Generally worth 10-15% of the Near Mint value. Good does not mean Bad! A record in Good or Good Plus condition can be put onto a turntable and will play through without skipping. But it will have significant surface noise and scratches and visible groove wear (on a styrene record, the groove will be starting to turn white). A cover or sleeve will have seam splits, especially at the bottom or on the spine. Tape, writing, ring wear or other defects will start to overwhelm the object. If it's a common item, you'll probably find another copy in better shape eventually. Pass it up. But, if it's something you have been seeking for years, and the price is right, get it...but keep looking to upgrade.

Poor (P), Fair (F)
Generally worth 0-5% of the Near Mint price. The record is cracked, badly warped, and won't play through without skipping or repeating. The picture sleeve is water damaged, split on all three seams and heavily marred by wear and writing. The LP cover barely keeps the LP inside it. Inner sleeves are fully seam split, crinkled, and written upon. Except for impossibly rare records otherwise unattainable, records in this condition should be bought or sold for no more than a few cents each.

I hope this has been helpful if it has, please rate it with a "Yes" vote below. If you think this can be improved please let me know. Yes I know my photos are not too good but then I'm not a photographer.... but I know about grading records. I have also included some record labels. So many sellers do not show the record  label in their listings & these three pics of a T Rex record illustrate why displaying the label is important. Thanks for looking.
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You can see that by moving the record around in different light conditions will reveal more scratches. Here is a shot by my window.
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Here is a shot under a light bulb.
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By the window again. Looks great apart from some dust.
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Under a lamp. No... it's actually scratched.
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Tyrannosaurus Rex "Debora" four prong Push Out centre

When listing records on eBay it is also important to show the label so you don't have to answer requests for catalog numbers and a ton of other questions.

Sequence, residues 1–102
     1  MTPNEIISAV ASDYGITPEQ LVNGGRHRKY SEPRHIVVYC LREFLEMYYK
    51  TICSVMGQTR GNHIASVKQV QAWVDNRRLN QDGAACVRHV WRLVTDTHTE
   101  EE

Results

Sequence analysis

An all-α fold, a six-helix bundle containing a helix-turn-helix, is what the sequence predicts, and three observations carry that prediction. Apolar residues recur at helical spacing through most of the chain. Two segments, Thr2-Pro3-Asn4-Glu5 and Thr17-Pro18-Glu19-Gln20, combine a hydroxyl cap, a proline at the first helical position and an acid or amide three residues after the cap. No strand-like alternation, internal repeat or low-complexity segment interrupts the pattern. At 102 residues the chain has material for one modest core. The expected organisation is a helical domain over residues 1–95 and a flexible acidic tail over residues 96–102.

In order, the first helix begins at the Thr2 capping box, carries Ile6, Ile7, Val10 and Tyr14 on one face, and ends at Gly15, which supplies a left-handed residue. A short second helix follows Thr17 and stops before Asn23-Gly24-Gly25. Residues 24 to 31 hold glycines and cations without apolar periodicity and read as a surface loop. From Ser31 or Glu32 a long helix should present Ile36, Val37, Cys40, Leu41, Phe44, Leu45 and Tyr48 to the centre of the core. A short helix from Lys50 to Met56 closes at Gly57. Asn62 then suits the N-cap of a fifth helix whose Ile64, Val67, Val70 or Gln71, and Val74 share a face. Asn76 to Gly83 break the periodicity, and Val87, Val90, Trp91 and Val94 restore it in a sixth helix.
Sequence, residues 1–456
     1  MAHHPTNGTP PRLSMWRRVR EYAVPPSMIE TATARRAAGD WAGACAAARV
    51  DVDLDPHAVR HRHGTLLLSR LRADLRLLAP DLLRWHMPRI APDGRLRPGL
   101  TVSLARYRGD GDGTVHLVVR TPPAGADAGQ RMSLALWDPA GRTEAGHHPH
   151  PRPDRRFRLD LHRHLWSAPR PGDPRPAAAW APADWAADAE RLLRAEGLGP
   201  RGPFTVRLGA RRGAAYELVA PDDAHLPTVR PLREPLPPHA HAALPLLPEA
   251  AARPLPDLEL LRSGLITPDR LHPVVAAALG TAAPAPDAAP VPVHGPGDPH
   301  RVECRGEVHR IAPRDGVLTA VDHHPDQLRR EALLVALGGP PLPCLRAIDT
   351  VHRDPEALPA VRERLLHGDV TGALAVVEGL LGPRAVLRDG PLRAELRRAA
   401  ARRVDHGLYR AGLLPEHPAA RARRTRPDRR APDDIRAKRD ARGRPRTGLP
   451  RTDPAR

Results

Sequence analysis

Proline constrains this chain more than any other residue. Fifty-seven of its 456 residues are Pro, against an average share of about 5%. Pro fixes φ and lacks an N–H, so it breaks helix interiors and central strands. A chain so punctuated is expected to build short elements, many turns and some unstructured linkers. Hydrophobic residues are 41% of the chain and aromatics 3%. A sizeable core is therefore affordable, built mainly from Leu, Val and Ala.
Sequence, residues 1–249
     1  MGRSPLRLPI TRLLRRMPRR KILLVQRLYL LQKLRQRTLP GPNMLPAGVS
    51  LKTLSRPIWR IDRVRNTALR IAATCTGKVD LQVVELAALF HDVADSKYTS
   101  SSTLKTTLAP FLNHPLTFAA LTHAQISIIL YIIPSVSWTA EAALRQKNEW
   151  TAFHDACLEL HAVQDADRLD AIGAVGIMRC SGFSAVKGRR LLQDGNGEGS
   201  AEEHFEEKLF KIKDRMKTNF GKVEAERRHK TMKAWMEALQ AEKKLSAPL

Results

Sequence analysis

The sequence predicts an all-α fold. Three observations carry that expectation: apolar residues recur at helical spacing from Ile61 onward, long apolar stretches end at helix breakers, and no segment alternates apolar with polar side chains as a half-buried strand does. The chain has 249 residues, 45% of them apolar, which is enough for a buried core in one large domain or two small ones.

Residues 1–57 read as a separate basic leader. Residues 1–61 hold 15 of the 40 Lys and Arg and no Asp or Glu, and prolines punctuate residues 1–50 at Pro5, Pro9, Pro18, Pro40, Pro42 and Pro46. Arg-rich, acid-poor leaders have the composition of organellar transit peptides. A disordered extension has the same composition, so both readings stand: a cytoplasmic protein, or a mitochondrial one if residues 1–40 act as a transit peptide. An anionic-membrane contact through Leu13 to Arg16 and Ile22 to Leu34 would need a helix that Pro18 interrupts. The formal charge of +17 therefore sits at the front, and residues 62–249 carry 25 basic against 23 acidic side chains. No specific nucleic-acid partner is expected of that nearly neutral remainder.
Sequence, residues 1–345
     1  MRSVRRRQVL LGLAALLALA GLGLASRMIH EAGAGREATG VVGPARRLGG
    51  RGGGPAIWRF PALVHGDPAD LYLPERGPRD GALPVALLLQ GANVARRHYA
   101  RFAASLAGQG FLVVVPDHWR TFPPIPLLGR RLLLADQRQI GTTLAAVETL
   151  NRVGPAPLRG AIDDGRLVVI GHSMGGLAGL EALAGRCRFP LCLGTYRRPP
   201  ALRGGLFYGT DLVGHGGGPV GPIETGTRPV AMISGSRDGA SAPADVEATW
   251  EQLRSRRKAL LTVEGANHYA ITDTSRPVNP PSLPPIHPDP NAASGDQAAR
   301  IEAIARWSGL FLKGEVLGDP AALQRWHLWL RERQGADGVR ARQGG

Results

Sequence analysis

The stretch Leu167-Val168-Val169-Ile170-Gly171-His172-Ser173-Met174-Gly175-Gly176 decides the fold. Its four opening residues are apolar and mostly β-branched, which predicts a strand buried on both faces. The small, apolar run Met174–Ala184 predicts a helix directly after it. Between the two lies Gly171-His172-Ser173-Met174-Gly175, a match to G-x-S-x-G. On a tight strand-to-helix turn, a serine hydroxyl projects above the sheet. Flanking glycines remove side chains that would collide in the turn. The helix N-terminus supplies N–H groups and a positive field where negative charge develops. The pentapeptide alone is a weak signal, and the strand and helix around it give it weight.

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Tyrannosaurus Rex "Debora" Solid centre

Tyrannosaurus Rex "Debora" Solid centre. 
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Tyrannosaurus Rex "Debora" This is a 1972 reissue

This is a 1972 reissue despite the 1968 publishing date which drastically alters the value.

How grading affects value.

If a MINT condition LP valued at £100 looks VG but still sounds MINT it will not be worth £100. It's value would be around £35 - £40. If the stylus plays through the marks & scratches the very fact there are visible scratches will still affect the value. Obviously you can say the record sounds great but you'll have to mention the visual grade. You can grade visually & then again by ear. Here's an example... "Looks VG but plays perfectly well with a couple of clicks on intro & a click that lasts 7 revolutions on track three" The more detail you give the better. Especially for high value items.

You should also remember that the cover is just as important as the vinyl. A Mint LP in a cover with a bent corner would no longer be mint which is why you should grade (both labels, the vinyl, the cover and spine and any contents like posters, inner sleeves, lyric sheets) individually.
Worst packaging to use. Bubbles always burst on corners.
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Worst packaging to use. Bubbles always burst on corners.

Packing & posting vinyl.

There's no point grading all your records & then posting them in bubble wrap or badly cobbled together cardboard as they will undoubtedly end up damaged. This only leads to returns which are enforced by eBay regardless of a "No returns" policy. If an item arrives damaged the "No returns" policy is invalid.
You can double pack or use CLP "Amazon style LP mailers" sold on eBay
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You can double pack or use CLP "Amazon style LP mailers" sold on eBay
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You can double pack or use CLP "Amazon style LP mailers" sold on eBay

If the package is rectangular the corners of a square record cover are well protected.

These mailers are not cheap at around £1 each on eBay but a returned LP will cost you much more as you will have to refund the postage cost & foot the bill for the return. Yo must use a signed for service so if you post an LP to USA for £12.45 you will have to refund the buyer for the LP & the Postage & the cost of having it returned so you are paying out £12.45 twice. You may end up cutting you losses & refunding the buyer & letting them keep the record if it's only a £20 record.
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This is what happens if you use Square record mailers.

This is what happens if you use Square record mailers. Post office workers do not place mail. They throw it. Onto a conveyor belt. Off a conveyor belt thrown into a cage on wheels & then wheeled out & thrown into a van. That's just before it leaves depot One!  If you post to United States you can imagine how many times a parcel is moved from state air port to the next state airport. Pack well & you'll have no problems. 
Available on eBay.
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Available on eBay.

It is important to remove the vinyl from the LP cover.

If an LP is thrown about (even in decent packaging) the vinyl will split the cover or inner sleeve. You will need to remove the LP & place it into a spare paper or polythene record cover. They only cost £8 for 100.

This is an ongoing blog. If I have missed anything out let me know & I will add to it.